Boost C++ Libraries

...one of the most highly regarded and expertly designed C++ library projects in the world. Herb Sutter and Andrei Alexandrescu, C++ Coding Standards

This is the documentation for a snapshot of the develop branch, built from commit 7143383779.
PrevUpHomeNext

Resumable C++ 20 Coroutines

[Note] Note

This is an experimental feature.

The experimental::coro class provides support for a universal C++20 coroutine. These coroutines can be used as tasks, generators and transfomers, depending on their signature.

coro<std::string_view> line_reader(tcp::socket stream)
{
   while (stream.is_open())
   {
     std::array<char, 4096> buf;

     auto read = co_await stream.async_read_some(
         boost::asio::buffer(buf), deferred);

     if (read == 0u)
       continue;

     co_yield std::string_view { buf.data(), read };
   }
}

coro<void, std::size_t> line_logger(tcp::socket stream)
{
  std::size_t lines_read = 0u;
  auto reader = line_reader(std::move(stream));
  while (auto l = co_await reader)
  {
    std::cout << "Read: '" << *l << "'" << std::endl;
    lines_read++;
  }
  co_return lines_read;
}

void read_lines(tcp::socket sock)
{
  co_spawn(line_logger(std::move(sock),
      [](std::exception_ptr, std::size_t lines)
      {
        std::clog << "Read " << lines << " lines" << std::endl;
      }));
}

A coro is highly configurable, so that it can cover a set of different use cases.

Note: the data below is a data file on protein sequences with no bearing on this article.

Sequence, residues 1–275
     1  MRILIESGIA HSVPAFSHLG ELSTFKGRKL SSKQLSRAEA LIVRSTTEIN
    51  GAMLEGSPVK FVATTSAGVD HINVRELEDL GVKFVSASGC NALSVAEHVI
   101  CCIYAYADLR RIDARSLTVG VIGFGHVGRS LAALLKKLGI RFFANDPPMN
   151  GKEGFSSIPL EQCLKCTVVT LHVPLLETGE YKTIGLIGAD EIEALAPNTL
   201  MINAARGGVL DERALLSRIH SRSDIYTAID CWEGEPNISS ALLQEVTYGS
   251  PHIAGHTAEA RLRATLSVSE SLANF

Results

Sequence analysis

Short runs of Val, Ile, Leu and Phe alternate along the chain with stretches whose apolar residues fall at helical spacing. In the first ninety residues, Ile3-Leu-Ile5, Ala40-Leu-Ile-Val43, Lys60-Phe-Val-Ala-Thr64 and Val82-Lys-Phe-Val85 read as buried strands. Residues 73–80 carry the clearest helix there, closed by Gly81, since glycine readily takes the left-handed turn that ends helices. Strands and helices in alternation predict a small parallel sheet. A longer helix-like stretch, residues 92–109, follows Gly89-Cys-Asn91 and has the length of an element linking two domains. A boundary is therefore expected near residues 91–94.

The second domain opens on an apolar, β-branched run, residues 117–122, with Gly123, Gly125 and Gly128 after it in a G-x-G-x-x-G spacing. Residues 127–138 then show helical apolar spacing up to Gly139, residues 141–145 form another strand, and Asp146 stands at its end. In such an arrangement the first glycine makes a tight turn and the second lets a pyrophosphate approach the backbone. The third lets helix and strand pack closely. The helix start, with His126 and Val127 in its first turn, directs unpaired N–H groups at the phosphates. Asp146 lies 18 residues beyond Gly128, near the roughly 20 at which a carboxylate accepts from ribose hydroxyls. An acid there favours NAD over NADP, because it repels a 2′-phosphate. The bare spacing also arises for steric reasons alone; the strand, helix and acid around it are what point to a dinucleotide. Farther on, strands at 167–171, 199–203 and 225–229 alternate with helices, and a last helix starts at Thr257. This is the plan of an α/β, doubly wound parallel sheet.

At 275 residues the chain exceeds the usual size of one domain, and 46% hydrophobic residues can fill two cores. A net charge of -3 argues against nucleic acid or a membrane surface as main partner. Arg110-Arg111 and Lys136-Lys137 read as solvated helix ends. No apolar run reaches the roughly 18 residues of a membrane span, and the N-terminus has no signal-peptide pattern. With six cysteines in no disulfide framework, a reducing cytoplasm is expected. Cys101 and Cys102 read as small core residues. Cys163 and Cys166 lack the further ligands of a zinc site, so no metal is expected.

template<
    typename Yield,
    typename Return = void,
    typename Executor = any_io_executor>
struct coro;
Yield

The Yield parameter designates how a co_yield statement behaves. It can either be a type, like int or a signature with zero or one types:

coro<void> // A coroutine with no yield
coro<int> // A coroutine that can yield int

coro<void()> // A coroutine with no yield
coro<int()> // A coroutine that can yield int

coro<int(double)> // A coroutine that can yield int and receive double

Receiving a value means that the co_yield statement returns a value.

coro<int(int)> my_sum(any_io_executor)
{
  int value = 0;
  while (true)
    value += co_yield value; //sum up all values
}

Putting values into a coroutine can be done it two ways: either by direct resumption (from another coro) or through async_resume. The first value gets ignored because the coroutines are lazy.

coro<void> c(any_io_executor exec)
{
  auto sum = my_sum(exec);
  assert(0  == co_await sum(-1));
  assert(0  == co_await sum(10));
  assert(10 == co_await sum(15));
  assert(25 == co_await sum(0));
}

awaitable<void> a()
{
  auto sum = my_sum(co_await this_coro::executor);
  assert(0  == co_await sum.async_resume(-1, use_awaitable));
  assert(0  == co_await sum.async_resume(10, use_awaitable));
  assert(10 == co_await sum.async_resume(15, use_awaitable));
  assert(25 == co_await sum.async_resume(0, use_awaitable));
}
noexcept

A coro may be noexcept:

coro<void() noexcept> c;
coro<int() noexcept> c;
coro<int(double) noexcept> c;

This will change its @c async_resume signature, from void(std::exception_ptr) to void() or void(std::exception_ptr, T) to void(T). A noexcept coro that ends with an exception will cause std::terminate to be called.

Furthermore, calls of async_resume and co_await of an expired noexcept coro will cause undefined behaviour.

Return

A coro can also define a type that can be used with co_return:

coro<void() noexcept, int> c(any_io_executor)
{
  co_return 42;
}

A coro can have both a Yield and Return that are non void at the same time.

Result